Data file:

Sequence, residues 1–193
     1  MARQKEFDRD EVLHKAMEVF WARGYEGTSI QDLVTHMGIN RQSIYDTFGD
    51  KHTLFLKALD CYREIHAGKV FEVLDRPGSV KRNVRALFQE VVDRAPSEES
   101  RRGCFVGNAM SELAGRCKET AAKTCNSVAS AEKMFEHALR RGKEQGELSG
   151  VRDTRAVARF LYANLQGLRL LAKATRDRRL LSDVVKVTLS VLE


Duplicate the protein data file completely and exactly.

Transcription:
Sequence, residues 1–193
     1  MARQKEFDRD EVLHKAMEVF WARGYEGTSI QDLVTHMGIN RQSIYDTFGD
    51  KHTLFLKALD CYREIHAGKV FEVLDRPGSV KRNVRALFQE VVDRAPSEES
   101  RRGCFVGNAM SELAGRCKET AAKTCNSVAS AEKMFEHALR RGKEQGELSG
   151  VRDTRAVARF LYANLQGLRL LAKATRDRRL LSDVVKVTLS VLE